Running Through The Pain And Why It’s A Bad Idea

I already told you about my experience with shin splints while I was training for my half marathon.  I patted myself on the back for being smart and taking time off to let them heal so I only had to stop training for a couple weeks.  Well, I’m not always smart and now I’m going to tell you a story about how I was stupid during that same half marathon training.

The Bowling Injury

OK, so I participate in bowling league throughout the winter.  In February that year, a few weeks into my training, I ended up with a groin strain.  I like to call it my bowling injury.  I apparently have a pretty mean back kick when I bowl, because one night I threw my leg back behind me and felt immediate pain in my right groin.  I could blame it on the bowling, but in reality, it was probably a combination of ramping up my training so my muscles were already fatigued and then going bowling.  I figured it was just a muscle pull so I didn’t worry too much about it.

Of course, bowling is a competitive sport, so I had to finish out the season.  Unfortunately, every time I threw a bowling ball after that, it hurt like crazy.  But I toughed it out and we actually ended up taking first place, so I guess it was worth it.  In the mean time, I also continued to train.  I would feel a little sore every time I ran, but after I warmed up it would be OK.  The longer the runs got, the more sore I was, but I still didn’t take a break.

The Prolonged Injury

By the time the race rolled around, I had been battling groin pain for about six months.  Did I mention I play softball all summer too?  I knew I had weak glutes and hams so I tried doing some things to improve my strength, but nothing seemed to work.  It’s very hard to recover from an injury while you’re in training for something.  I ran the race and did pretty well, considering.

After the race I took a week off to recover and then began running again.  This time I wasn’t training for anything, but I figured I should keep it up since I was doing so well sticking to a schedule before.  It was good exercise and it was keeping me in shape so I didn’t want to give it up.  Besides, I thought if I could keep it up, I might sign up for another half marathon in the near future.

So the race was in August and by early December I started waking up in the middle of the night with sharp pains in my pelvis around where my sore muscle attached.  I began to think this wasn’t good and maybe I had a bigger problem than just a sore muscle.  Of course, I was also in the middle of bowling season again.  My concern at this point was that my injury had actually started to turn into a stress fracture in my pelvic bone.  I finally stopped running and I was very careful how I bowled for the rest of the year.  We didn’t win that year.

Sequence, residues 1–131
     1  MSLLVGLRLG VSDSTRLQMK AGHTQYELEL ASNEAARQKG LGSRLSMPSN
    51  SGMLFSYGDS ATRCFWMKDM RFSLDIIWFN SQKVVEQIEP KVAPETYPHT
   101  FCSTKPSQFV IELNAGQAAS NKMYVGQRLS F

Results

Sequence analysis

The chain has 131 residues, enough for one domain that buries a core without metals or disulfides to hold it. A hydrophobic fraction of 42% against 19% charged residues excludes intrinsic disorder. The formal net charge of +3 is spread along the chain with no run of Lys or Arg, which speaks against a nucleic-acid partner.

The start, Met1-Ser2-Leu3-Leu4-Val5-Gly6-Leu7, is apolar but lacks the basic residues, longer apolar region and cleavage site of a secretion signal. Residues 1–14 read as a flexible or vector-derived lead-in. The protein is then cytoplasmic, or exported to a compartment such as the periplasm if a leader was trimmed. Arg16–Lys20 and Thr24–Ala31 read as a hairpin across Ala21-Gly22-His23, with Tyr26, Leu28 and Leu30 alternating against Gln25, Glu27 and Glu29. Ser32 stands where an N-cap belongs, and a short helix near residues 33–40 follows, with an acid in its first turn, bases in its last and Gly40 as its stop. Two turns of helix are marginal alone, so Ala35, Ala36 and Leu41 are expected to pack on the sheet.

How Long It Took To Get Better

I stopped running in early December, gingerly finished out the bowling season in March, and did nothing until June.  In June I decided to try running a little again since softball season was right around the corner.  At this point, my groin had finally stopped hurting from just walking around and it wasn’t waking me up anymore.  When I tried running again, I could still feel it a little, but it was much better.  I decided it would be OK to start running as long as I went slow and kept it to short distances.  I did this and things seemed to go alright.  I ran a few 5ks that year, but that was all.  By the end of the summer I was able to run without pain at all and I had no pain with bowling this past season.

So basically, about a year after I ran my half marathon, I was recovered.  It took a full nine months from the time I stopped running until I could run without feeling my groin just a little.  But, even till this day, I still feel it once in awhile when I have to contract my groin muscles really hard, reminding me that this injury could rear its ugly head once again if I don’t pay attention and make sure I do things to prevent it from returning.  At this point I’ve added a bunch of glute and ham strengthening activities to my training routines, which seems to be helping a lot.  I’ve signed up for just 5ks again this year.  Better to play it safe I think.  Obviously, there is a big difference between taking care of an injury right away and putting it off.  I think from now on I’ll be taking care of mine right away.

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